FBR Capital Markets believes that for President Barack Obama to win re-election, improving economic conditions will be key, which it would view as a tailwind for the markets.
The President was able to win the passage of a two-month extension of the payroll tax holiday and unemployment benefits. We believe that it is likely that a yearlong extension will occur, said Edward Mills, an analyst at FBR Capital Markets.
At a minimum, the extension will continue the current level of stimulus and prevent any negative economic impact stemming from allowing the provisions to expire, said Mills.
Mills said the latest public polling shows a tie, between Mitt Romney, Ron Paul and Rick Santorum, with regard to the winner of the Iowa Caucus. A win in the Iowa Caucus for Mitt Romney would have many political pundits calling the contest for the Republican nomination over.
The analyst said a strong showing, with either Ron Paul or Rick Santorum winning, would not change the calculus all that much. Ron Paul has a strong base of support but has a very low ceiling and is seen as significantly unlikely to win the nomination.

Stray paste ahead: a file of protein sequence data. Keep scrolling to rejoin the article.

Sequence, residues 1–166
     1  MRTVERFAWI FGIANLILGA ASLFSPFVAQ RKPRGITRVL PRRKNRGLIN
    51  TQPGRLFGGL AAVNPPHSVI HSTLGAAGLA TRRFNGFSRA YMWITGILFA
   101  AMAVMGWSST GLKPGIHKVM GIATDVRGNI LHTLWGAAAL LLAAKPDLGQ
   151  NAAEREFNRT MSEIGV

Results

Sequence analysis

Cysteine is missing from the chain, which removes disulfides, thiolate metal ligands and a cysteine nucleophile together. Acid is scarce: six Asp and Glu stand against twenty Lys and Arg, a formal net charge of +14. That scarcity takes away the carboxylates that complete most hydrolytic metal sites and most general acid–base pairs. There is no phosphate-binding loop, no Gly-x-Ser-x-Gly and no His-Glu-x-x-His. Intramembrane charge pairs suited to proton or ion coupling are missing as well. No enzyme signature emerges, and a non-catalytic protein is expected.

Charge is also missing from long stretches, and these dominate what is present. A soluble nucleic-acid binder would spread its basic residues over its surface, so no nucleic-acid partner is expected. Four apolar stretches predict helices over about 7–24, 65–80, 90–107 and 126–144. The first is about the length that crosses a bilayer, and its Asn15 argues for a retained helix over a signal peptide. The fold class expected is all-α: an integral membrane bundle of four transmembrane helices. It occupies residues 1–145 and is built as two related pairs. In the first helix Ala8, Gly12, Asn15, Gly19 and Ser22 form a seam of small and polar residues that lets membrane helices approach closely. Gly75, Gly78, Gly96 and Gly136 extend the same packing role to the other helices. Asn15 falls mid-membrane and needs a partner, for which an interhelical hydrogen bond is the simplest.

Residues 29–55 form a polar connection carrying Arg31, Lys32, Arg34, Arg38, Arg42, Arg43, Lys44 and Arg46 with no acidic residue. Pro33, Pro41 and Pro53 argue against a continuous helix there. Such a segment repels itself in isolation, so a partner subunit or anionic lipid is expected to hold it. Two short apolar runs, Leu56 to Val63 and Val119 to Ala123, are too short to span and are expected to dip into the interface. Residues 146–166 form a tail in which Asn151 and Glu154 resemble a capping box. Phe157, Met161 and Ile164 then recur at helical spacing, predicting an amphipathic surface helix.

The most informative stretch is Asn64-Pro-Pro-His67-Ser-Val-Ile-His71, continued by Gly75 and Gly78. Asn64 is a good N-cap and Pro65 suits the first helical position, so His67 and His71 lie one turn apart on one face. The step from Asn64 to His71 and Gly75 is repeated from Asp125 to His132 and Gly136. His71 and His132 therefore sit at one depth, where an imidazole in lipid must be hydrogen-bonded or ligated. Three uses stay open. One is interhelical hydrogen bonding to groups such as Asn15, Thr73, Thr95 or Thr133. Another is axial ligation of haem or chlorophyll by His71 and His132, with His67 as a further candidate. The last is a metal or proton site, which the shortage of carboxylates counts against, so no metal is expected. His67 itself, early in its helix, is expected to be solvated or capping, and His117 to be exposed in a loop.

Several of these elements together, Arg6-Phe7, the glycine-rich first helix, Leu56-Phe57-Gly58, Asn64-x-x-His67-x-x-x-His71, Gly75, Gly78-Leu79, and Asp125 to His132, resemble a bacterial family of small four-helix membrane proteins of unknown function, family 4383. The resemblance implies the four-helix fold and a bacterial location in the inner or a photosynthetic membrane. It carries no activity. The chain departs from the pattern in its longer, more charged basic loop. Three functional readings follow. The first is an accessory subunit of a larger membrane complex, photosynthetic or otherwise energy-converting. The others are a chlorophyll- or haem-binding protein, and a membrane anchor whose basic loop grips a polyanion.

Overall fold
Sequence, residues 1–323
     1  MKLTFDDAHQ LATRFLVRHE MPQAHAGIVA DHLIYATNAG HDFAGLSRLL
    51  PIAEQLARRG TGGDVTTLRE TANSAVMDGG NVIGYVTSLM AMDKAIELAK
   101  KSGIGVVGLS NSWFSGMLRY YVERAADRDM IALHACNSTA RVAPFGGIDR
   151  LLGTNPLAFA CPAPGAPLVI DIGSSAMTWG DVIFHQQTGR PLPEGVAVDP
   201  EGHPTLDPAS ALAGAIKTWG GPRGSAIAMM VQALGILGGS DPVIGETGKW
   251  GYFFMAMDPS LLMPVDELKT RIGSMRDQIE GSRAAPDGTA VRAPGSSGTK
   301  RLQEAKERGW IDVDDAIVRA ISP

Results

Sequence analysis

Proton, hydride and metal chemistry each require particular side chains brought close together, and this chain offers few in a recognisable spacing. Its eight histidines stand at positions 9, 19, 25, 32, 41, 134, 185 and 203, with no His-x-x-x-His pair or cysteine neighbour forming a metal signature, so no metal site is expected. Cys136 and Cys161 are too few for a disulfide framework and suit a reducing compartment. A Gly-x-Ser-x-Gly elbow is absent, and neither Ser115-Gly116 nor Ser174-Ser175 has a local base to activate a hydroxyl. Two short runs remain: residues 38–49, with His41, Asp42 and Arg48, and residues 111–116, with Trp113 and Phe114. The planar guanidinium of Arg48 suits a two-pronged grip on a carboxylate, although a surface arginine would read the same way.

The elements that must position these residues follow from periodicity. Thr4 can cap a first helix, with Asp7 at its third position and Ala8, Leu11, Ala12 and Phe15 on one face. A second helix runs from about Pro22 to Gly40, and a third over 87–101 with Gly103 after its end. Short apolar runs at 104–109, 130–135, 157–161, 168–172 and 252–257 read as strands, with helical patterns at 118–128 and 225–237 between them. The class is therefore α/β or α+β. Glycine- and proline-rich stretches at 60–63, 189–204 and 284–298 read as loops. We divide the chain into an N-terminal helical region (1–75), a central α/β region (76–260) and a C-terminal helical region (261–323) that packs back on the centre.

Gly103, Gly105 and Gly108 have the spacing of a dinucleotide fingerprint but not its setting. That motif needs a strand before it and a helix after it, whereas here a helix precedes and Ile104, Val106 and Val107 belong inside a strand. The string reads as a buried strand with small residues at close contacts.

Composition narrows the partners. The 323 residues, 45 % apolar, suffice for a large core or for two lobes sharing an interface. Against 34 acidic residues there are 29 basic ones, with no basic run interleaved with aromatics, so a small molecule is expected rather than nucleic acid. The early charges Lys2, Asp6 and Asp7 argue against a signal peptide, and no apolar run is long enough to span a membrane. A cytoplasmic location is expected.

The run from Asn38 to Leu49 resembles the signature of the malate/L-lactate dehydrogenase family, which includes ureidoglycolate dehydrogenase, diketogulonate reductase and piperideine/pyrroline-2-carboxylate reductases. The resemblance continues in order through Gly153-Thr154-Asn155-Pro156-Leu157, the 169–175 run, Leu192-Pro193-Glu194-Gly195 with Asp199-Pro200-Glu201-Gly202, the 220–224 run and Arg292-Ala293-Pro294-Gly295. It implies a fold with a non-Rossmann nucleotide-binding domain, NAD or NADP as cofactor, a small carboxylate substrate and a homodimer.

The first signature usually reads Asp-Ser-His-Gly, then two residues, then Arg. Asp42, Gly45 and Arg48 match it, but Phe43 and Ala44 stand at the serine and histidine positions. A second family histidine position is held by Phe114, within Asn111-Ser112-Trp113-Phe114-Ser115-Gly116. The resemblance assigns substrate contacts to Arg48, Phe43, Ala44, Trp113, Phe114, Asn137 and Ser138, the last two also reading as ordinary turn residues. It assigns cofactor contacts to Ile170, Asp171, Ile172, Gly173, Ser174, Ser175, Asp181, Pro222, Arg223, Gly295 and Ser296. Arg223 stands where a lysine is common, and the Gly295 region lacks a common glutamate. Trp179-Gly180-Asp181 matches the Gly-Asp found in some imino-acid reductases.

A win by Rick Santorum could help prolong the battle for Mitt Romney as he tries to take the mantle of the true conservative in the race. However, Mills believes that Santorum lacks the fundraising and logistical support to capitalize on an Iowa win and is likely to suffer the same fate as the other candidates who quickly rose to the top of public polling among Republican voters.
After the Iowa Caucus, New Hampshire holds the first of the nation's primaries, next week, followed by South Carolina, Nevada and Florida by the end of the month. By March 6, 21 states will have held either a primary or a caucus to register their preferences for the Republican nominee for President, making it likely a nominee is decided by March, said Mills.
Mills said the ability of Democrats to maintain their majority in the U.S. Senate took a hit over the holidays with the retirement of Senator Ben Nelson (D-NE). Nebraska is a Republican state and Ben Nelson was widely seen as the only Democrat who had a chance to keep the Senate seat in the Democrats' column.
The analyst said this Nebraska seat joins the open seat in North Dakota as likely switches from Democrat to Republican. Republicans need to net four seats in the 2012 elections in order to have a majority.
The brokerage said the Democrats were defending 23 seats to the Republicans' 10. This announcement likely allows Republicans to spend more on picking up a seat in other swing states rather than on attempting to defeat Senator Nelson.
We believe it is likely that the Republicans maintain a majority in the House. Should Republicans also have a majority in the Senate, their ability to advance legislation will be significantly enhanced, said Mills.